Vega Sicilia boasts a myriad of old vines, some in excess of 100 years old. The result is extremely low yields and wines of an almost unparalleled concentration.
Vega Sicilia: The Insight
The winery produces three cuvées. The flagship is Unico, a perennially high-scoring blend of Tempranillo and Cabernet Sauvignon, which is aged for almost ten years, around six in oak and three in bottle. Robert Parker awarded the 1962 vintage a perfect 100 points saying: “undoubtedly, this must be one of the greatest Spanish wines to have graced this planet.” And Neal Martin says simply: “Unico brings a smile to your face.”
However, some might argue that the jewel in the crown is Unico Reserva Especial, a multi-vintage blend, combining wines from only the finest harvests. The winery says that this is “the wine with the greatest personality”, as it takes the complexity of Unico, and compounds it through using several vintages. Wine Advocate has said: “The Reserva Especials are blended to a house style designed to reflect Vega Sicilia at its very best.” They go on to say that “The vagaries of vintage are blended away leaving a wine that is, in my opinion, better than any of the single vintage wines with the possible exception of the 1942.”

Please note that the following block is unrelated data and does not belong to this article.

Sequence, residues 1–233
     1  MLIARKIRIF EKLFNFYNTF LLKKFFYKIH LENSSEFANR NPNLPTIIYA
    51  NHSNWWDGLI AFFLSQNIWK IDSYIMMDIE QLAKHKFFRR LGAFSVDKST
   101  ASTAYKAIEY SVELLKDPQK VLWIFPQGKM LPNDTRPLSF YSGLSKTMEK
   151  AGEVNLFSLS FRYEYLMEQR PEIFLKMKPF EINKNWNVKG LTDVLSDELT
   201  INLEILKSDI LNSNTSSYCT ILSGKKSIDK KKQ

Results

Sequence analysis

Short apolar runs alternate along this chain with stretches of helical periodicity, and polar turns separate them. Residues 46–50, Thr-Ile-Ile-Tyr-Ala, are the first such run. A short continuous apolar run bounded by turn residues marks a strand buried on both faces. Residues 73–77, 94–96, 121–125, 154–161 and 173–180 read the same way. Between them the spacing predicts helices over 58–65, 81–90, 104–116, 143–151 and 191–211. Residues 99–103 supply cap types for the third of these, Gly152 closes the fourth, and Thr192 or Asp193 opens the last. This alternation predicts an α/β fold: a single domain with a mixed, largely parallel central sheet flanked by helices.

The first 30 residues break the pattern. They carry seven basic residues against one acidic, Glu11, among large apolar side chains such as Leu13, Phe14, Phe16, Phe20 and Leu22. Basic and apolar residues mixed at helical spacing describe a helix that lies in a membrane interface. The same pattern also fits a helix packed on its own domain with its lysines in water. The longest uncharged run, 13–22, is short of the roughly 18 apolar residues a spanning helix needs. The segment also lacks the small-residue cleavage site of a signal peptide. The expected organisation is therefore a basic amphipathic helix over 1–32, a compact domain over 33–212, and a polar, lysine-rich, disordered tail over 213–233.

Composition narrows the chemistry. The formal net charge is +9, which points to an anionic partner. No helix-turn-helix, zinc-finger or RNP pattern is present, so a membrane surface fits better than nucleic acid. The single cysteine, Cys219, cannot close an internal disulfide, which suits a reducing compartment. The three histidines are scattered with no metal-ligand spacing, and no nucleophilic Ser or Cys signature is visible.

Valbuena 5° (or Valbuena No. 5) comes from the younger vines and years when Unico is not produced, it therefore offers an affordable entry to this illustrious estate. The five denotes that it has been aged for five years before release.
Vega Sicilia: The Background
Vega Sicilia was founded by Don Eloy Lecanda y Chaves, a winemaker who learned his art in Bordeaux and brought back many of the grape varieties with him to the region. The winery takes is name from the ‘green’ and bucolic surroundings and a reference to Saint Cecilia, the patron saint of musicians. A string of illustrious winemakers has filtered through Vega Sicilia. Xavier Ausás, who left in 2015, aimed to make wines with “persistent aromas” and “femininity rather than masculine tannins”. The new Technical Director is Gonzalo Iturriaga, who is keen that "a grape's personality should always be reflected in all the wines he creates."
The Alvarez family bought Vega Sicilia from a Venezuelan businessman in 1982 just as Ribera del Duero received its Denominación de Origen (D.O.) status. They also own neighbouring Bodegas Alión, where they produce Alión - a modern-style and upfront Tempranillo aged in French oak. An additional arm of the family business produces Pintia, a wine that tames the hot summers of Toro, to deliver a Tempranillo with remarkable restraint and finesse for such a warm region. Just after the fall of communism in Hungary, the Alvarez family reinvigorated Oremus, a Tokaji house between Mád and Sárospatak. The two great names of Vega Sicilia and Rothschild collaborate to produce Macán in Rioja Alta.